3) Triple occurrence of position – the game can be claimed to be drawn when the same identical position occurs three times. Only a player on the move may claim a draw by triple occurrence of position. There are two ways to make such a claim. If a move is required to complete the third occurrence of the position, the player claiming the draw should write this move down on his or her score sheet (without making the move on the board) and then stop both clocks, and make the claim. If no move is needed to complete the third occurrence of the position, the player claiming the draw should stop both clocks. If the opponent agrees with the claim, the game is drawn. If the opponent does not agree with the claim, a director should be called over to make judgment. If the director denies the claim, the claimant is still obligated to play the move recorded on his or her score sheet, if one was made (Â§14C).
4) Insufficient material to continue – the game is drawn when one of the following endings arises: (a) king versus king; (b) king versus king with bishop or knight; (c) king and bishop versus king and bishop (when both bishops are on squares of the same color); or (d) any position where there are no longer any moves that could lead to any player being checkmated (Â§14D).
5) Insufficient material to win on time – the game is drawn when a player exceeds the time limit and yet his or her opponent has insufficient material to win on time, such as having a lone king, a king with a bishop or knight, or a king with two knights (Â§14E).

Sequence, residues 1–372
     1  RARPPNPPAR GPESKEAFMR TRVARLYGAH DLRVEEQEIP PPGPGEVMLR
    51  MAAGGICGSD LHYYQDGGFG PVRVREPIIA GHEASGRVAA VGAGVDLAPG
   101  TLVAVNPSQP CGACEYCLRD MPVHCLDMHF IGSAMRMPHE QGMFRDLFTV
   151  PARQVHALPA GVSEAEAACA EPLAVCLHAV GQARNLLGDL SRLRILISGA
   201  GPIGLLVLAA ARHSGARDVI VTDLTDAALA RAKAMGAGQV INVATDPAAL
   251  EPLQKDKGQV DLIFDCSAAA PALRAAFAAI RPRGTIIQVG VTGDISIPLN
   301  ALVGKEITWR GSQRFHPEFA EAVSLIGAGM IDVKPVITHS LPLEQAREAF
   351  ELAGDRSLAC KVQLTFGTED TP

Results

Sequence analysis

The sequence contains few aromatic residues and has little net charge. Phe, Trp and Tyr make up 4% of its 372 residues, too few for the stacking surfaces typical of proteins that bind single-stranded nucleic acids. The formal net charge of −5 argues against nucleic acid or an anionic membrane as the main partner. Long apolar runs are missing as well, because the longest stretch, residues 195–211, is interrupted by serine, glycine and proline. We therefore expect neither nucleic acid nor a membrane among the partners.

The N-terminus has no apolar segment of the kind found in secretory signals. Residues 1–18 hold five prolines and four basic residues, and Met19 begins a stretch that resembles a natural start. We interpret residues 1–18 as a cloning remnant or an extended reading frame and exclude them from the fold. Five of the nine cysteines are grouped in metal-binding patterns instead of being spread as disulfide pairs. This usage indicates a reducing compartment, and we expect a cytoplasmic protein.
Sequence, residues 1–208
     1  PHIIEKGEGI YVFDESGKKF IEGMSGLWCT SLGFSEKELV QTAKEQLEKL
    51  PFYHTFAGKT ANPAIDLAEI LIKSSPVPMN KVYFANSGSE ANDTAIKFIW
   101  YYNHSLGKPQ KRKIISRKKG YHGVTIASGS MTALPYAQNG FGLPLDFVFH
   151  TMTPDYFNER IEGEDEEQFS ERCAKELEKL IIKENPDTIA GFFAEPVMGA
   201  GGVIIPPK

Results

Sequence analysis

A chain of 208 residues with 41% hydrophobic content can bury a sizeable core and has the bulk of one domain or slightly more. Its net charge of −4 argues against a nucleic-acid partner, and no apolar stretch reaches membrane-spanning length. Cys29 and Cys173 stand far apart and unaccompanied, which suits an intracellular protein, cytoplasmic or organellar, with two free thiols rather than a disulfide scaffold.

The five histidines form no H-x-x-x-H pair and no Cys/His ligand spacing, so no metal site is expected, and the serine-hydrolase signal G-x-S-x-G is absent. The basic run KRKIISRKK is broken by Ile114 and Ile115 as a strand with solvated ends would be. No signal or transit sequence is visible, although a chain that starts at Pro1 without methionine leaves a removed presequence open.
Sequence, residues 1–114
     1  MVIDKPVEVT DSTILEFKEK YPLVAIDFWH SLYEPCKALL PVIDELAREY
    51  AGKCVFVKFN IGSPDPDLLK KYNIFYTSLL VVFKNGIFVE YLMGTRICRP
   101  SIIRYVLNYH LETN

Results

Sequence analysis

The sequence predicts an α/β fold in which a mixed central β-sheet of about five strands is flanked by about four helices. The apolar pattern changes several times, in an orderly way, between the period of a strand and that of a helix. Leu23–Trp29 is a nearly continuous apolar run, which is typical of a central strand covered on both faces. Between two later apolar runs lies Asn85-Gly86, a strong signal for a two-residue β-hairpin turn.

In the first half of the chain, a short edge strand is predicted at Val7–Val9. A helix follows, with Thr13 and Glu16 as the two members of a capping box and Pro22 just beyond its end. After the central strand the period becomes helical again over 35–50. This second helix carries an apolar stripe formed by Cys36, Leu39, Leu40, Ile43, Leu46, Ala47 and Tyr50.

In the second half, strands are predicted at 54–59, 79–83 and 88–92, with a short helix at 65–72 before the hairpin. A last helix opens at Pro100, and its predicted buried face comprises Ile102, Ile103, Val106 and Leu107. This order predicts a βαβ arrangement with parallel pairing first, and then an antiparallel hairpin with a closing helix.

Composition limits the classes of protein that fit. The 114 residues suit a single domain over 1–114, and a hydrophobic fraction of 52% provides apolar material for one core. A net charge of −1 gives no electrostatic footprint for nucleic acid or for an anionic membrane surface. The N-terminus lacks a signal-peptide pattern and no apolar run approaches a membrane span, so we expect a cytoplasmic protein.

6) 50-move rule – the game is drawn when 50 moves have been made by each side without any capture or pawn move (Â§14F).
7) Both flags down in sudden death – the game is drawn in a sudden death time control if one of the players points out that both flags are down and they are indeed down (Â§14G).
8) Insufficient losing chances in sudden death – in a sudden death time control without a clock with time delay, a player with two minutes or less of remaining time may stop the clocks and ask the director to declare the game drawn on the grounds that the player has insufficient losing chances (Â§14H1). This rule refers to more complex position than those under insufficient material to win on time (Â§14E). Examples of the type of positions which qualify as insufficient losing chances can be found in the rule book under Â§14I. The tournament director, if unsure of the claim, has the option of continuing the game with a clock which has time delay.
9) Accepting the implied draw offer – if one’s opponent makes a draw claim (such as: triple occurrence of position, insufficient material to continue, insufficient material to win on time, the 50-move rule, both flags are down in sudden death, insufficient losing chances, etc.), one may accept the implied draw offer, thus ending the game drawn (Â§14).
10) Draw declared by director – on rare occasions the director may declare a game drawn (Â§14J).